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Cardiopulmonary Resuscitation (CPR)

Causes of cardiac arrest

A cardiac arrest can be caused by: Heart disease – this is the most common cause of cardiac arrest and is the leading cause of death in Victoria

  • Drowning
  • Suffocation
  • Poisonous gases
  • Head injury
  • Drug overdose
  • Electric shock.

CPR can be life-saving first aid CPR can be life-saving first aid and increases the person’s chances of survival if started soon after the heart has stopped beating. If no CPR is performed, it only takes three to four minutes for the person to become brain dead due to a lack of oxygen.

By performing CPR, you circulate the blood so it can provide oxygen to the body, and the brain and other organs stay alive while you wait for the ambulance. CPR does not guarantee that the person will survive, but it does give that person a chance when otherwise there would have been none.

The basic steps of CPR

CPR is most successful when administered as quickly as possible. It should only be performed when a person shows no signs of life or when they are:

  • Unconscious
  • Unresponsive
  • Not breathing normally
  • Not moving.

It is not essential to search for a pulse when a person is found with no signs of life. It can be difficult to find a person’s pulse sometimes and time can be wasted searching. If CPR is necessary, it must be started without delay.

The basic steps for performing CPR can be used for adults, children and infants. They are based on guidelines updated in 2010, so they are easier to follow and remember. However, they are only a guide and not a substitute for attending a CPR course.

The basic steps are:

D – Dangers?

R – Responsive?

S – Send for help

A – Open airway

B – Normal breathing

C – Start CPR

D – Attach defibrillator (AED)

1. Dangers? Check for danger, approach with care and do not put yourself in danger.

2. Responsive? Look for a response. Is the victim conscious? Gently touch and talk to them, as if you are trying to wake them up. If there is no response, get help.

3. Send for help. Dial triple zero (000) – ask for an ambulance.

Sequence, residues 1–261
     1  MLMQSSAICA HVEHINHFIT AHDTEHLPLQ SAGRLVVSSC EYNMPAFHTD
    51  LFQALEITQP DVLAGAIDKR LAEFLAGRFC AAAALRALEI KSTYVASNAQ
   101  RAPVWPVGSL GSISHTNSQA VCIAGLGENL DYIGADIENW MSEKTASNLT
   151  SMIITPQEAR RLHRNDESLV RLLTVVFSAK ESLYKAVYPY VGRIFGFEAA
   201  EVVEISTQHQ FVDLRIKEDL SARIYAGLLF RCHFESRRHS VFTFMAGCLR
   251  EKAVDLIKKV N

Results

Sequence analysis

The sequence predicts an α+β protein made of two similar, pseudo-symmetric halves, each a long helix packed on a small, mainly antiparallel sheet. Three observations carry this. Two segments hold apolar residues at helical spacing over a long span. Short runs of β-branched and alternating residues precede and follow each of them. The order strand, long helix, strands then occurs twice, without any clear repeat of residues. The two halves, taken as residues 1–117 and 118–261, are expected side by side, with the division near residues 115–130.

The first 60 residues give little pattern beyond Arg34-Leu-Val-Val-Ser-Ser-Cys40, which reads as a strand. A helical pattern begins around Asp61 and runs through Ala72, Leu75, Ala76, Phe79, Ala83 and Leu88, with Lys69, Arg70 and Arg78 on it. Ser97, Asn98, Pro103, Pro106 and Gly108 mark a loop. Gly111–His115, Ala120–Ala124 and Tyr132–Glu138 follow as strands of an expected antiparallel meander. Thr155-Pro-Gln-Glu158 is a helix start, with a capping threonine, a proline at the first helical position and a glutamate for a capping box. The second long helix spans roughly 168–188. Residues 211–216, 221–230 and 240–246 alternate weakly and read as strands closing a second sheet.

4. Open airway. Check the airway. Don’t move the person. Gently tilt their head back, open their mouth and look inside. If fluid and foreign matter is present, gently roll them onto their side. Tilt their head back, open their mouth and very quickly remove any foreign matter (for example, chewing gum, false teeth, vomit). It is important not to spend much time doing this as performing CPR is the priority. Chest compressions can help to push foreign material back out of the upper airway.

5. Normal breathing? Check breathing – look, listen and feel for signs of breathing. If the person is breathing, roll them onto their side. If they are not breathing, go to step 6. The patient in cardiac arrest may make occasional grunting or snoring attempts to breath and this must not be assumed to be normal breathing. Normal breathing is regular and generally quiet..

6. Start CPR

Cardiac compressions:

  • Place the heel of one hand on the lower half of the person’s breastbone.
  • Place the other hand on top of the first hand and interlock your fingers.
  • Press down firmly and smoothly (compressing to 1/3 of chest depth) 30 times.
  • Administer 2 breaths as described below in mouth-to-mouth, step 7. The ratio of 30 chest compressions followed by 2 breaths is the same, whether CPR is being performed alone or with the assistance of a second person. Aim for a compression rate of 100 per minute.

Effective chest compressions will be tiring. It is important to get help from others if possible, to allow changeover for rest and to keep the compressions effective.

7. Mouth-to-mouth. If the person is not breathing normally, make sure they are lying on their back on a firm surface and:

  • Open the airway by tilting the head back and lifting their chin.
  • Close their nostrils with your finger and thumb.
  • Put your mouth over the person’s mouth and blow into their mouth.
  • Give 2 full breaths to the person (this is called ‘rescue breathing’). Make sure there is no air leak and the chest is rising and falling. If their chest does not rise and fall, check that you’re pinching their nostrils tightly and sealing your mouth to theirs. If still no luck, check their airway again for any obstruction.
  • Continue CPR, repeating the cycle of 30 compressions then 2 breaths until professional help arrives. This can be tiring – ask if anyone else knows CPR and can help you.

Establishing compressions is the clear priority. If a rescuer cannot coordinate the breathing or finds it too time-consuming or too unpleasant, effective chest compressions alone will still be of benefit. It is important not to avoid all resuscitation effort because of the mouth-to-mouth component.

8. Attach automated external defibrillator (AED) as soon as one becomes available. Only use an adult AED on any person over the age of eight years, who is unresponsive and not breathing normally. For children under the age of eight, ideally, a paediatric AED and pads should be used. Devices differ and instructions should be followed in each instance. CPR must be continued until the AED is turned on and the pads are attached. Place pads following the diagram instructions on the pads. Pad-to-skin contact is important for successful defibrillation. Remove any medication pads, excess moisture or excessive chest hair (if this can be done with minimum delay). It is important to follow the prompts on the AED. Do not touch the victim during shock delivery.

CPR techniques for young children and infants

CPR steps for children aged eight years or younger are the same as for adults and older children, but the technique is slightly different.

Read more at:

www.betterhealth.vic.gov.au/bhcv2/bhcarticles.nsf/pages/Cardiopulmonary_resuscitation_(CPR)